''Love Letters'' is simply a man and a woman, who have been dear and valued friends with one another, throughout their entire lives. They sit on the stage, as though independent of one another, and read - in order - the letters they have exchanged with one another, throughout the 50-odd years in which they have been friends. The exchanges range from formal invitations to birthday parties and weddings to deep, overflowings of anger or anguish or joy.
The actors don't comment on their own letters, and they rarely comment on the other's letters, so the audience gets to invest themselves in thinking about whether the writers are telling the truth to each other, or even to themselves. So often, we reveal our own weaknesses and strengths while we think we're talking or writing something completely different. So do they.
Our younger readers will be astonished to learn that it wasn't very long ago that people couldn't tweet, text, poke, or even e-mail one another. Our leading man, one Andrew Makepeace Ladd III, loves writing letters. In perhaps his best single letter, he explains that he feels most alive when he's writing. He has his reader's undivided attention, free from any distractions or interruptions. He can choose the words and create the atmosphere.
His friend is Melissa Gardner Cobb. She has more money than Andy. She's more creative. He patterns his every thought on his father, whom he idolizes. She is the child of a broken marriage and both her parents have moved on with their lives, and neither has taken her with him.
Because she has nothing solid in her life, she comes to rely on him. Because his life is fixed and unyielding, he envies her freedom. They make each other angry. They make each other happy.
As the letters continue, the couple ages from second grade through advanced middle age. One theme which runs through Gurney's writings is his belief that while people inevitably age, they don't necessarily mature. If they do, they may mature much more in one area of their lives than they do in other areas.
Among the actors who have read Andy's letters from the stage have been Jason Robards, Edward Hermann, James Earl Jones, Philip Bosco, Richard Kiley, William Hurt, Christopher Reeve, Christopher Walken, George Segal, Stephen Collins, and Richard Thomas.
Among the actors who have read Melissa's letters have been Elizabeth Taylor, Kathleen Turner, Barbara Barrie, Julie Harris, Dana Ivey, Jane Curtin, Elizabeth McGovern, Elaine Stritch, Elizabeth Montgomery, Nancy Marchand, and Frances Sternhagen.
To my view all too often, writers focus in on one area of their characters' lives, and they get a bit preachy, beating almost to death their struggle against prejudice or their confidence in themselves, despite huge forces to the contrary, or whatever. In ''Love Letters,'' Gurney just gently and realistically opens his characters' lives for his audiences to examine. Sometimes his characters are wise. Sometimes they're foolish. Sometimes they're lazy, ignorant, silly, immature, over-wrought, and a thousand other things, but always they're human, just as we are.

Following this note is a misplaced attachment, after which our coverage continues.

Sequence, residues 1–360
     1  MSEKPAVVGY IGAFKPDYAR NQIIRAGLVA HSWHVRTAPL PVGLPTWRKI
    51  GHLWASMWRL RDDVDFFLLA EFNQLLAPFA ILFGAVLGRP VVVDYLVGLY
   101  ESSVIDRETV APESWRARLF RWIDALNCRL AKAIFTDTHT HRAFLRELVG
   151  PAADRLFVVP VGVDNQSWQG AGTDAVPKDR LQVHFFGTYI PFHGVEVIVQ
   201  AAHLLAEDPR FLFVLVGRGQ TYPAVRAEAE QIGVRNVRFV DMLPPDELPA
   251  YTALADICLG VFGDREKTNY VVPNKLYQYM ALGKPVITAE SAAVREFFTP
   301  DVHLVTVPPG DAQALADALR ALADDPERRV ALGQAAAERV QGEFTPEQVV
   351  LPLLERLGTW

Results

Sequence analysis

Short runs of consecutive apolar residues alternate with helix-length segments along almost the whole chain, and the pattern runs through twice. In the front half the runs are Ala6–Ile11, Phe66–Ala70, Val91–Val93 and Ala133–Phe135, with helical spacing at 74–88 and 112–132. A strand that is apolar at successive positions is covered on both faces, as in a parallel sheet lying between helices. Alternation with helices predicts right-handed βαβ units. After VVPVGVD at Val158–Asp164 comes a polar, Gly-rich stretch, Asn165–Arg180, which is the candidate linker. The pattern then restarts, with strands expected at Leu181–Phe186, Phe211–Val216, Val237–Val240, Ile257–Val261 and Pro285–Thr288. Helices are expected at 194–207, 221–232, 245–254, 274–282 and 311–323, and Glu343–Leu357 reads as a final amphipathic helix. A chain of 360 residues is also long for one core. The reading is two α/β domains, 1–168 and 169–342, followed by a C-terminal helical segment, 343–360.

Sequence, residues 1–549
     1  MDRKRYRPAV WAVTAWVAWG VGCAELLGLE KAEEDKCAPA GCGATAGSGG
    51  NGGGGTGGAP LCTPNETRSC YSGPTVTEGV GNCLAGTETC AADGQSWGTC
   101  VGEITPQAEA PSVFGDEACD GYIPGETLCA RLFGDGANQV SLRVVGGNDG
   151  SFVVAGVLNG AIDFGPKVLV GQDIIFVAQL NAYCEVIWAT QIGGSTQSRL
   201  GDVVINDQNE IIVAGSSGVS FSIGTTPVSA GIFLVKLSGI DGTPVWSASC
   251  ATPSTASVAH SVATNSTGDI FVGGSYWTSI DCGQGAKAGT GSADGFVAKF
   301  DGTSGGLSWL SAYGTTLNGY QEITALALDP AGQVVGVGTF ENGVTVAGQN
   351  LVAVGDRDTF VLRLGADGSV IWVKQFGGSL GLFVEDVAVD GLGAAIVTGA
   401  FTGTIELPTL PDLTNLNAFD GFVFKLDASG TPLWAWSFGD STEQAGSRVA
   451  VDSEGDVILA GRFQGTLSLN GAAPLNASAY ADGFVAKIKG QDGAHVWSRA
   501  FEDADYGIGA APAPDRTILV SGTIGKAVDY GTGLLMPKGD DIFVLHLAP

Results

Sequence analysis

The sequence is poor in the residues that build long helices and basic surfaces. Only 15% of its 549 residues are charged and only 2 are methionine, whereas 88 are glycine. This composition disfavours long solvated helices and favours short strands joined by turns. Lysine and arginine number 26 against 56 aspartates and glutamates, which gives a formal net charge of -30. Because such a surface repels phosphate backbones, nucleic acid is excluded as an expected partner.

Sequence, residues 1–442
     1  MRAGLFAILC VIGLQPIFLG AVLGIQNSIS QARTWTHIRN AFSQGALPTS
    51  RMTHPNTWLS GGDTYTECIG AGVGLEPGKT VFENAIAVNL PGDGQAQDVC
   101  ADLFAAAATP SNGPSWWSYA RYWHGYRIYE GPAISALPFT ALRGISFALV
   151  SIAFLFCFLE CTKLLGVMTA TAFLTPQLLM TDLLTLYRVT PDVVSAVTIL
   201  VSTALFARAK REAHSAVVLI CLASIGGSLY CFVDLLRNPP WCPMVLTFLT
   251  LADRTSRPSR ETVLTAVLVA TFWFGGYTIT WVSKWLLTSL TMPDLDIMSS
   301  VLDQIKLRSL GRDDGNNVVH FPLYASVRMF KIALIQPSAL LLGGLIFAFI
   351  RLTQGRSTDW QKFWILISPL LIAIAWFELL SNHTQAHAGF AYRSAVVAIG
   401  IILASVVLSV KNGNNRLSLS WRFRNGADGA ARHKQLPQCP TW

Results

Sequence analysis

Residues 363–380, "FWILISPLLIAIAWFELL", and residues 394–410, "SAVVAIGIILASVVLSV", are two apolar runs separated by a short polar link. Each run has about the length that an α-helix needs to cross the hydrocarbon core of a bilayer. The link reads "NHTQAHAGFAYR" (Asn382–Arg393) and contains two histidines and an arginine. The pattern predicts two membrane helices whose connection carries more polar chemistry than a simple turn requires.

There aren't any car chases, no murders, no armies of elves, no beheadings nor bombings. It's just about two people, in all their imperfections, who truly love one another.
I have been a fan of Jill Keating for many years. She is the siren who tempted me back onto the stage, and will be the leading lady in this production.
In our area, she is probably best known as a dance teacher and choreographer. She has her own dance studio in Mayville, and she has taught on the faculty of the Chautauqua School of Dance. Not long ago, also at Webb's, she performed the lead in a one-woman play, ''Shirley Valentine.''
She has acted the lead in professional productions of plays and musicals, danced and sang behind performers including Carol Lawrence and Dean Jones, appeared in films such as ''When Harry Met Sally'' and television shows, including ''The Equalizer.''
She has played principal roles with Roundabout Studio and Playwrights Horizons, in New York City. She has danced with Pittsburgh Ballet Theatre and played Frenchie in ''Grease'' and Winnifred the Woebegone in ''Once Upon a Mattress'' and Miss Hannigan in ''Annie,'' and Juliet's Nurse in ''Romeo and Juliet.'' All this, and so much more.
I grew up in the Pittsburgh area. I played my first role as part of the Christmas pageants at the United Methodist Church, although my first step onto the professional stage was as Old King Cole, in a children's fantasy play, at the tender age of 6.
''Send me my fiddlers three'' I would emote, with genuine passion.
Throughout school, there were plays and musicals of every kind, from ''My Fair Lady'' and ''Destry Rides Again,'' to ''The Mouse That Roared'' and ''As You Like It.''
In college I directed and performed in a number of things, sang in the touring choir, played the pipe organ in chapel, and sang roles in three operas. Fortunately, I was skilled enough as a critic to stop singing.
I directed a number of plays and musicals, during my years as a teacher, and in some cases, ended up on stage at the last minute because of an injury or some other problem for a student actor.
I started writing reviews for this and other publications in the late 1970s, and began this column in late March of 1980. Until now, I've been happy to stay in that role, not willing to leave concerts and plays unreviewed during the typical five-week rehearsal times of a play. Now, here's one which only required three rehearsals, so I gave it a try.
I hope you find it successful.
What a great treat it was, recently, to attend a performance at the Reg Lenna Civic Center, by blues singer Fernando Jones.
Jones shared the stage with a number of local musicians who are still part of the program of Infinity or who are graduates of that program. Sadly, their names were not in the printed program, or I would happily share them with you.
It's always a treat to attend our beautiful Civic Center, and to enjoy our community's long tradition of culture and quality.
Last week, we shared the news that MusicalFare, in the Buffalo suburb of Amherst, will perform the musical ''[title of show]'' through March 6.
This week, the company has announced that they will offer student rush tickets for only $9.99, to any performance which has not been sold out. The plot concerns two young writers who are trying to create a musical show, and shows you the many changes the script goes through before it is ready to open.
Rush tickets cannot be reserved by phone or by computer. Call the company or check their web site for details. Their phone number is 839-8539. Their web address is www.musicalfare.com.